Incorrect information on Rules

A player incurs no penalty for giving incorrect information on the Rules (see definition of "Rules"); this is not wrong information as that term is used in Rule 9.  It is up to each player to know the Rules (Rule 6-1).  However, if it is established that a player has knowingly given incorrect information on the Rules, the Committee would be justified in imposing a penalty of disqualification under Rule 33-7.

 

Match play

  • Information as to strokes taken- An opponent is entitled to ascertain from the player, during the play of a hole, the number of strokes he has taken and, ater play of a hole, the number of strokes taken on the hole just completed.
  • Wrong information- A player must not give wrong information to his opponent. If a player gives wrong information, he loses the hole.

A player is deemed to have given wrong information if he:

  • Fails to inform his opponent as soon as practicable that he has incurred a penalty, unless (a) he was obviously proceeding ander a Rule involving a penalty and this was observed by his opponent, or (b) he corrects the mistake before his opponent makes his next stroke; or
  • Gives incorrect information during play of a hole regarding the number of strokes taken and does not correct the mistake before his opponent makes his next stroke; or
  • Gives incorrect information regarding the number of strokes taken to complete a hole and this affects the opponents understanding of the result of the hole, unless he corrects the mistake before any player makes a stroke from the next teeing ground or, in the case of the last hole of the match, before all players leave the putting green.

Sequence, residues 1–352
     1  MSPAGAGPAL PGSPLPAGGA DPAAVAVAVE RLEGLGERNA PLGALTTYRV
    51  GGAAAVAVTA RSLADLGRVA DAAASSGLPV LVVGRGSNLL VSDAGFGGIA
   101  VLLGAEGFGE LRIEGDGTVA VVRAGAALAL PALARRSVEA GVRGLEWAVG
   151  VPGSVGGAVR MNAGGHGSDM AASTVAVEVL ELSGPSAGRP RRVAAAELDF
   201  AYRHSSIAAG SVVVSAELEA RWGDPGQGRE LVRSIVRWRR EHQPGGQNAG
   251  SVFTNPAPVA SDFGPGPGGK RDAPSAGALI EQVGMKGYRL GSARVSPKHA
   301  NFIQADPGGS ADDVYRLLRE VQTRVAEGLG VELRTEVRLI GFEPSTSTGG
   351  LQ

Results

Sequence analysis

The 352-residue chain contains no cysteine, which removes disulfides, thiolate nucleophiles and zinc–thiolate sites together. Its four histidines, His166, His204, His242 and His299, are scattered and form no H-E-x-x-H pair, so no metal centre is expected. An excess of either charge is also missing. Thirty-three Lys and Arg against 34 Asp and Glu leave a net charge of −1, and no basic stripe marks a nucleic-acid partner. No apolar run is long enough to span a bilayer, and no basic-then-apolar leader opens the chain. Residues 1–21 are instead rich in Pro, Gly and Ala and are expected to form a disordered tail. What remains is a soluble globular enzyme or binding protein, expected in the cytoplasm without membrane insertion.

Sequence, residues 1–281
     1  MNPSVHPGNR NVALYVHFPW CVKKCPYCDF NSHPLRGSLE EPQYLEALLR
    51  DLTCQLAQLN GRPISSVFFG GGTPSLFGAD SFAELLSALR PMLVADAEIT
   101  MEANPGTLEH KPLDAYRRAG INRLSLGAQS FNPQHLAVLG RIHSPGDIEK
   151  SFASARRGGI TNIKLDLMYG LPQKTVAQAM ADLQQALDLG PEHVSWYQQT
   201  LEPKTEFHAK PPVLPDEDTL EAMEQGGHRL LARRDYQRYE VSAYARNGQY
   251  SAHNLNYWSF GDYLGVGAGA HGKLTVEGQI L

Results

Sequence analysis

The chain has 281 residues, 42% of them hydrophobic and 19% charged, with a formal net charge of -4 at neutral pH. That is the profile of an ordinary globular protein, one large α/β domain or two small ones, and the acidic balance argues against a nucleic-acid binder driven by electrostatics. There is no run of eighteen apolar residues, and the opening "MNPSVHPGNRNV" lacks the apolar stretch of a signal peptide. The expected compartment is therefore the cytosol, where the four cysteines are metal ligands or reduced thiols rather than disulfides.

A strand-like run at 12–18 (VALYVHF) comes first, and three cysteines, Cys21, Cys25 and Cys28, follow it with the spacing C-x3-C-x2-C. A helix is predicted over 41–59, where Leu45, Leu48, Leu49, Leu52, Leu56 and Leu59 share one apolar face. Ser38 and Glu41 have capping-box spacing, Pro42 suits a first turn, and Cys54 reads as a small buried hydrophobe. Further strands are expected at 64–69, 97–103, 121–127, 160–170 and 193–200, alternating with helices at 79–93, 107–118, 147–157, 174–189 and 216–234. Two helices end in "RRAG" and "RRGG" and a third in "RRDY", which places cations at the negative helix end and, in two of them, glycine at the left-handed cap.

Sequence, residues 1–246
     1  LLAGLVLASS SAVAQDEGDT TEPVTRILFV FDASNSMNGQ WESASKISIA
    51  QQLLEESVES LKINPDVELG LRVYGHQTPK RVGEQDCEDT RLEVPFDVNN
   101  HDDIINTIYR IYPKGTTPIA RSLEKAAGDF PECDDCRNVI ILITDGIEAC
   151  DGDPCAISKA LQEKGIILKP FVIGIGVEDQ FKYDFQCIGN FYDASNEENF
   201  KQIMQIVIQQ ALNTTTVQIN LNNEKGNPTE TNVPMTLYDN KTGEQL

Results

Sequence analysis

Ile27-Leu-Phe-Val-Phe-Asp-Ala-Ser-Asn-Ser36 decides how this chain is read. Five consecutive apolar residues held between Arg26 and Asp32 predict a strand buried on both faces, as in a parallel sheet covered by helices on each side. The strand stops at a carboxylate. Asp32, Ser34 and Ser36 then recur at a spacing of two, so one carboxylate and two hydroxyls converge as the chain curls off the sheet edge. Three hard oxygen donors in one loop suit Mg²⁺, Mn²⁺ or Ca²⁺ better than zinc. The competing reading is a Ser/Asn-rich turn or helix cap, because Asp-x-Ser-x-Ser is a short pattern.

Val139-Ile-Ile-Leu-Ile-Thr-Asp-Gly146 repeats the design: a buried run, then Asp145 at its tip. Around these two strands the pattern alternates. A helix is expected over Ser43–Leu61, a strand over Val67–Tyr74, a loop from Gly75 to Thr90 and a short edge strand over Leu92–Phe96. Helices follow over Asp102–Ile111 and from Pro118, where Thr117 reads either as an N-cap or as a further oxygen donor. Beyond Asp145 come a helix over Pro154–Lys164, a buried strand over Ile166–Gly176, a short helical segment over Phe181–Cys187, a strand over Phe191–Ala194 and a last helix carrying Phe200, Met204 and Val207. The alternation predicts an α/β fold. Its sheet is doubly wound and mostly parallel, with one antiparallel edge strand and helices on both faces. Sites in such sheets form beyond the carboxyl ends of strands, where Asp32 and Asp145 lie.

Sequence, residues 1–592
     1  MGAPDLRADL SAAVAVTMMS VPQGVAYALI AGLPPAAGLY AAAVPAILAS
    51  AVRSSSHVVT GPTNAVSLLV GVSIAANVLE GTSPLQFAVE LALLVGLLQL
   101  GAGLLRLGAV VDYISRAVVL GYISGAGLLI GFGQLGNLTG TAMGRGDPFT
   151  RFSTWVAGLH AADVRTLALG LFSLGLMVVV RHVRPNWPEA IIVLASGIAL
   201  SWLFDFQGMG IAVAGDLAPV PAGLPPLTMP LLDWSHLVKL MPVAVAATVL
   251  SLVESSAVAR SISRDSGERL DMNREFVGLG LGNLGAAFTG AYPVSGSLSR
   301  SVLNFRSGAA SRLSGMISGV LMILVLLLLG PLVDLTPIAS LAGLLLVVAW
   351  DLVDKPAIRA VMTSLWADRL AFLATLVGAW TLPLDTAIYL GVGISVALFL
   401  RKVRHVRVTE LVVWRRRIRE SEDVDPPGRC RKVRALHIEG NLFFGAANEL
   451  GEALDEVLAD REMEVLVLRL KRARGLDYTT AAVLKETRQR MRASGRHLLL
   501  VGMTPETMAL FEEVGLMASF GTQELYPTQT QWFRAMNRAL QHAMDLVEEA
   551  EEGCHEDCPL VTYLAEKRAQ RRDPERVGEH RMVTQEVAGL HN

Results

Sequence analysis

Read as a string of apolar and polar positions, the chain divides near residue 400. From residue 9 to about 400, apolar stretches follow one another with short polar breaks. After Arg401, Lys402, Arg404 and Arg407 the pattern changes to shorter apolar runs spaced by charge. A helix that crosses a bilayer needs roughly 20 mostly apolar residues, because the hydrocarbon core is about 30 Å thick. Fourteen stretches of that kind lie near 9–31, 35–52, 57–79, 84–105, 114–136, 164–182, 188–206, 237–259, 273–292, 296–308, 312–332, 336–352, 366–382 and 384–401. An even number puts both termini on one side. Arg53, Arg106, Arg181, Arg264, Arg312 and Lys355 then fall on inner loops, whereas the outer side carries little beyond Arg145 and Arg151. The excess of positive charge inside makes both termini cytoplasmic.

Stroke play

  • A competitor who has incurred a penalty should inform his marker as soon as practicable.

A player has given wrong information even if it is due to the failure to include a penalty that he did not know he had incurred.  It is the players responsibility to know the Rules of Golf.

Order of play

Match play

  • When starting play of hole- The side that has the honour at the first teeing ground is determined by the order of the draw.  In the absence of a draw, the honour should be decided by lot.  The side that wins a hole takes the honour at the next teeing ground.  If a hole has been halved, the side that had the honour at the previous teeing ground retains it.
  • During play of hole- After both players have started play of the hole, the ball farther from the hole is played first.  If the balls are equidistant from the hole or their positions relative to the hole are not determinable, the ball to be played first should be decided by lot.